Where: 2500 Lawrence St, Denver, CO 80205
When: Open 4 to 9:30 p.m. Sunday through Thursday and 4 to 10 p.m. Friday and Sunday; happy hour is 4 to 6:30 p.m. daily
For more info: Visit uchidenver.com
Getting in and getting booze: During our confinement this last year, Uchi offered one of the premier methods for finding luxury at home at an affordable price. And while its to-go happy hour stands, the in-house happy hour has also risen again.
I wondered how its on-premises offerings would rival the delightful takeout happy hour experience. For starters, outside of COVID restrictions, the crowds at Uchi have hardly subsided since its Denver debut nearly three years ago, and prime summer dinner hours are booked weeks in advance. But if you play your cards right, you can enjoy the in-house Uchi experience for a fraction of the cost during its generously long happy hour.
To maximize our chances, my dining partner and I arrived just before 5 p.m. on a Monday and were successfully ushered to two bar seats tucked in a corner.
Unlike takeout happy hour — which restricts the deal to the four red and white wine bottle offerings — dine-in allows discounted booze by the glass as well as two freshly mixed $9 cocktail options. I zeroed in on the sake-spiked take on the ever-popular Aperol spritz called an "ume punch," a version that is my new preference.
Three by-the-glass sake options (a glass of hot or cold for an approachable $4 and a junmai, or pure rice sake, for $9) also grace the menu along with a pair of whites (Chenin and Sauvignon Blanc) and reds (Pinot and Malbec) from $7.50 to $9.50 per glass or $29 to $37 a bottle. If you’re willing to lay down cash for happy hour bubbles, you can also get a fine 350ml bottle of Ruinart for $82 (not a terrible deal). Bottles of Asahi (20 oz. for $11) and Sapporo (12 oz. for $4) also make the cut.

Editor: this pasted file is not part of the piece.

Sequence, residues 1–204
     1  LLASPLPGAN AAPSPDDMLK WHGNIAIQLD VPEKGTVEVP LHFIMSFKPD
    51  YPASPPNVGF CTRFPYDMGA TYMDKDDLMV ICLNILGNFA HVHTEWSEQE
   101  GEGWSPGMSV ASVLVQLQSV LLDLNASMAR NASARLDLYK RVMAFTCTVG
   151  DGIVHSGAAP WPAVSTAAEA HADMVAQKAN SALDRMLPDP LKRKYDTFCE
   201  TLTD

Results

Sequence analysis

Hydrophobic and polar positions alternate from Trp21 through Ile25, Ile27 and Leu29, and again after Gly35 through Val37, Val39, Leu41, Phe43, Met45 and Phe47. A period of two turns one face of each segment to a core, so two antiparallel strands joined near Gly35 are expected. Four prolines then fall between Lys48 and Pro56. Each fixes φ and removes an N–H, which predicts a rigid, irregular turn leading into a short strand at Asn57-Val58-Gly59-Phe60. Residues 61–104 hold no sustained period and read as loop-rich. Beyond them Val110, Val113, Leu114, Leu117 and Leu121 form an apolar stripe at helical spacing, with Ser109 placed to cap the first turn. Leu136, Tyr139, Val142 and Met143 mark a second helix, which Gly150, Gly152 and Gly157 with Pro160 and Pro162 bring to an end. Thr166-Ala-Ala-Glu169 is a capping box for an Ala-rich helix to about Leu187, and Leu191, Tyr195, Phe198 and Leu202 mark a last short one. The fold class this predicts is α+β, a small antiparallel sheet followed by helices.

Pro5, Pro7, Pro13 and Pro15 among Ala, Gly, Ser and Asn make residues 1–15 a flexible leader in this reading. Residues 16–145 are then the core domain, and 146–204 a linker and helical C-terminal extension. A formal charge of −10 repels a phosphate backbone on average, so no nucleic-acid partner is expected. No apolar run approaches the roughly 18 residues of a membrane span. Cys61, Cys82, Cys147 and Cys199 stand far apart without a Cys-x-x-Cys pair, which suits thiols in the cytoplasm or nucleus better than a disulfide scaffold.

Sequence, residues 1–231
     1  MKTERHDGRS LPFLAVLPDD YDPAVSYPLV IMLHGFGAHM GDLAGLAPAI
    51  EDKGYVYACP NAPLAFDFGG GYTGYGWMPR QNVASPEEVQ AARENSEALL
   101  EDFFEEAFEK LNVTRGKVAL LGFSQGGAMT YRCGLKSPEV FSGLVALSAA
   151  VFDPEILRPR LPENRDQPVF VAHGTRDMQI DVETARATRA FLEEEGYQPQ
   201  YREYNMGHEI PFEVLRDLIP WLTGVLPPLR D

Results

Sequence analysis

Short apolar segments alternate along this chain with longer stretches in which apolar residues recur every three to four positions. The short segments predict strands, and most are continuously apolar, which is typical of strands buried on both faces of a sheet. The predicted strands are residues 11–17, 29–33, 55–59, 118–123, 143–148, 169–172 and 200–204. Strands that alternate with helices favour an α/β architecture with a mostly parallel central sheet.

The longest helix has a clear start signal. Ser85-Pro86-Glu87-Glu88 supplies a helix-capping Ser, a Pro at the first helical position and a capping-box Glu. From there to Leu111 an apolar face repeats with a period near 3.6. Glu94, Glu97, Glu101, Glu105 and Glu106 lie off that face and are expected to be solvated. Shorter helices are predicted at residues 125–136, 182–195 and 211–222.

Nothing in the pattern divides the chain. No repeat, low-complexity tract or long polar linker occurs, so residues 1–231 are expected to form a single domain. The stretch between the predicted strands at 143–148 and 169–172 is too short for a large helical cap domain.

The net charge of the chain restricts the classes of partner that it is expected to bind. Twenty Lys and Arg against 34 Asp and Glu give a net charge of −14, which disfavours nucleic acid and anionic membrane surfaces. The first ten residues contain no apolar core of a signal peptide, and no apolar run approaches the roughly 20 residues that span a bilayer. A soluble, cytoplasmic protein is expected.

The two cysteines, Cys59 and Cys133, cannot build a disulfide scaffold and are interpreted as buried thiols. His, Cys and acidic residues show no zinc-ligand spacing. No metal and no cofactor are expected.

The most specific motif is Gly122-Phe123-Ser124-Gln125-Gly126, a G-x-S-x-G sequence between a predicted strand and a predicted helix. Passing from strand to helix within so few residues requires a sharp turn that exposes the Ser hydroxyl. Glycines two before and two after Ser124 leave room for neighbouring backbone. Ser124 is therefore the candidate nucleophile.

Since Uchi was out of the hoyo 'summer breeze' junmai ($9), my sake-loving partner enjoyed a masu wooden box presentation of the Yuki no Bosha ("Cabin in the Snow") for the same price. Although the fruit-forward junmai ginjo was delicious enough to merit a second glass, the bartenders did little to help her with the various techniques one might use to enjoy the overflowing glass-in-a-box presentation, which is used to show the generosity of the pour.
We started with a simple yet elegant bincho ($7), thin slices of tuna draped over a small mound of tacky sushi rice and finished with flaked sea salt. Next, the gai lan, chinese broccoli with pineapple Szechuan ponzu, comes perfectly al dente and even delivers on its promise of the buzzy, numbing citric highlight from Szechuan peppercorns. The “yokai berry” (a salmon roll with fried kale, Asian pear, yuzu dashi and blueberry) transforms a basic salmon roll into a fruity, silky fish experience.
On the heartier side, the tempura-battered fish toast ($6), a rich and creamy scallop-filled brioche, is the closest food to fit the hefty fried fare of typical happy hours — yet oodles more interesting. We ended with the over-the-top decadent wagyu tartare ($8) with fatty marbling and yolk finish. My partner and I agree that these last two would, indeed, not do well as takeout items.
Overall: While the bartenders seemed little interested in our happy hour experience, having access to this kind of cuisine on a casual Monday afternoon — especially when the seats here are full around the clock — makes Uchi an unrivaled happy hour value. And even though you can't match the number of food options, plus dessert, and glass-based pours that Uchi offers in-house, I remain smitten by the freshness and affordability of the seven-item takeout option, too.
Whether you snag a bar seat or end up with a bag piled with takeout, the dual Uchi happy hours make for a charmed evening and leave enough money on the table to satisfy any high-end-cocktail hankerings at the nearby Death and Co.